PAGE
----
Late bloomer. Rose-colored glasses.

Curious comments made to me over twenty-five years ago. I tried my best to dismiss them, but like the annoying jingle you can’t stop humming, they buzzed in my head. It wasn’t until I learned more about myself and experienced life did I come to understand their true meaning.

My first notable late bloomer venture happened in my mid-forties when I decided it was time to enter the workforce. While my friends were busy establishing their careers, I chose to be a stay at home wife and mother, spending my spare time volunteering at my son’s schools and local nonprofit organizations. In a sense these were my formative years.

I graduated from organizing bake sales, to putting on fashion shows, orchestrating auctions and black tie galas and, eventually to soliciting major donor funding for million dollar capital campaigns. As I waded deeper into projects and assumed leadership positions, I learned invaluable skills – time management, problem solving, working as part of a group, and working for a greater cause. I forged many friendships, some lifelong and filled my rolodex to capacity with contacts.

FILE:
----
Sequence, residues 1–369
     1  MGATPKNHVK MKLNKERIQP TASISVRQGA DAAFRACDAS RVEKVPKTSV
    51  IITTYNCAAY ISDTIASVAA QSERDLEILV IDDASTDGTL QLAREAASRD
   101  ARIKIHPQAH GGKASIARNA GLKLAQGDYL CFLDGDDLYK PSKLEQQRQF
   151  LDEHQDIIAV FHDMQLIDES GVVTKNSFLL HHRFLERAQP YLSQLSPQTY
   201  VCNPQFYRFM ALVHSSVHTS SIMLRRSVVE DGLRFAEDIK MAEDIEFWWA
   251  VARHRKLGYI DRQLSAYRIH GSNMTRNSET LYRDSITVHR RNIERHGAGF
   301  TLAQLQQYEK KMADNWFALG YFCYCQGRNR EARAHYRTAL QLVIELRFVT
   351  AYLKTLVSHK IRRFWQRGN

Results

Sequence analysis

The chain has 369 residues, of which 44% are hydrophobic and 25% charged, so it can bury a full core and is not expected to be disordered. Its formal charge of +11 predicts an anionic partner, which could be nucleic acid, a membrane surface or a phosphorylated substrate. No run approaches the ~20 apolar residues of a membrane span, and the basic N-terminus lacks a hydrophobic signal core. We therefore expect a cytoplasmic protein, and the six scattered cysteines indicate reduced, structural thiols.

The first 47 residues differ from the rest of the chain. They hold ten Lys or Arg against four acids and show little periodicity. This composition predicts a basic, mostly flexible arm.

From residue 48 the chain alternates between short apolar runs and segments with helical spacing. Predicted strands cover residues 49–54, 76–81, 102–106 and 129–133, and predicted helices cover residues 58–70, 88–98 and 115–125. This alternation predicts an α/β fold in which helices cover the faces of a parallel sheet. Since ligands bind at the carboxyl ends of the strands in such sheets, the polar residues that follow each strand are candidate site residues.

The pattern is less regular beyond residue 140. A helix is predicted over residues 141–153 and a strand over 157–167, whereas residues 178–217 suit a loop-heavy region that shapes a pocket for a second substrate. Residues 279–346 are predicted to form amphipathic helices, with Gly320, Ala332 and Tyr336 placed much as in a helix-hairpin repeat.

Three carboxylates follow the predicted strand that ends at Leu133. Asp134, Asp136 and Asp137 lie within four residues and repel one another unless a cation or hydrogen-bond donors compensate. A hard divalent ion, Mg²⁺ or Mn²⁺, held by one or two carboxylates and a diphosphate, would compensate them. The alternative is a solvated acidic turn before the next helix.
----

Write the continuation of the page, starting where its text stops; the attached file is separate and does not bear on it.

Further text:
Although I didn’t know at the time, these activities were the foundation of what was to become a rewarding career in the field of nonprofits. The leap from volunteer to paid professional came naturally. Over the years other meaningful employment opportunities presented themselves – each affording me the good fortune to grow professionally and personally. Chalk one up for the late bloomer.

Fast forward – five years ago I began researching and writing about the positive effects of practicing good manners and expressing gratitude and appreciation. I joined the Happiness Movement, a worldwide network of people interested in making the world a nicer place.

I believe that the mindful practice of good manners, kindness and gratitude can help us get through life’s rough spots and can make us succeed in ways we never expected. And, I believe that happiness is contagious and within our grasp.